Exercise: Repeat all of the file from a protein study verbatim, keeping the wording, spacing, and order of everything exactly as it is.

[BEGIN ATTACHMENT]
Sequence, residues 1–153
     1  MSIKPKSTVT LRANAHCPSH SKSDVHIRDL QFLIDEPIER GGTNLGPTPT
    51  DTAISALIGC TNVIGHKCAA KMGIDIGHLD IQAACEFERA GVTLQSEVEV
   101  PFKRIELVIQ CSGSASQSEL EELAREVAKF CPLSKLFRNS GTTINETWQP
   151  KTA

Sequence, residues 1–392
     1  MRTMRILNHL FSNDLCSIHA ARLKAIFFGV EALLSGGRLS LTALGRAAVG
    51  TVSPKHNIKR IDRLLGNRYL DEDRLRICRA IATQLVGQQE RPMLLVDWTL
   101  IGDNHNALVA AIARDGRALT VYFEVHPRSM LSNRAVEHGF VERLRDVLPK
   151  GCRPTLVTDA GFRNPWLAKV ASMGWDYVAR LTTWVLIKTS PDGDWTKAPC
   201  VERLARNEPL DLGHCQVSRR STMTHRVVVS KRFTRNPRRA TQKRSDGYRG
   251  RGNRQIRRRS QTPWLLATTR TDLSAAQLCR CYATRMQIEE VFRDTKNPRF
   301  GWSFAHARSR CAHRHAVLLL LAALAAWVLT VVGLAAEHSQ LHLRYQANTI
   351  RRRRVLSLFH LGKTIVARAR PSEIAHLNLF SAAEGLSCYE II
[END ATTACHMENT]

Sequence, residues 1–153
     1  MSIKPKSTVT LRANAHCPSH SKSDVHIRDL QFLIDEPIER GGTNLGPTPT
    51  DTAISALIGC TNVIGHKCAA KMGIDIGHLD IQAACEFERA GVTLQSEVEV
   101  PFKRIELVIQ CSGSASQSEL EELAREVAKF CPLSKLFRNS GTTINETWQP
   151  KTA

Sequence, residues 1–392
     1  MRTMRILNHL FSNDLCSIHA ARLKAIFFGV EALLSGGRLS LTALGRAAVG
    51  TVSPKHNIKR IDRLLGNRYL DEDRLRICRA IATQLVGQQE RPMLLVDWTL
   101  IGDNHNALVA AIARDGRALT VYFEVHPRSM LSNRAVEHGF VERLRDVLPK
   151  GCRPTLVTDA GFRNPWLAKV ASMGWDYVAR LTTWVLIKTS PDGDWTKAPC
   201  VERLARNEPL DLGHCQVSRR STMTHRVVVS KRFTRNPRRA TQKRSDGYRG
   251  RGNRQIRRRS QTPWLLATTR TDLSAAQLCR CYATRMQIEE VFRDTKNPRF
   301  GWSFAHARSR CAHRHAVLLL LAALAAWVLT VVGLAAEHSQ LHLRYQANTI
   351  RRRRVLSLFH LGKTIVARAR PSEIAHLNLF SAAEGLSCYE II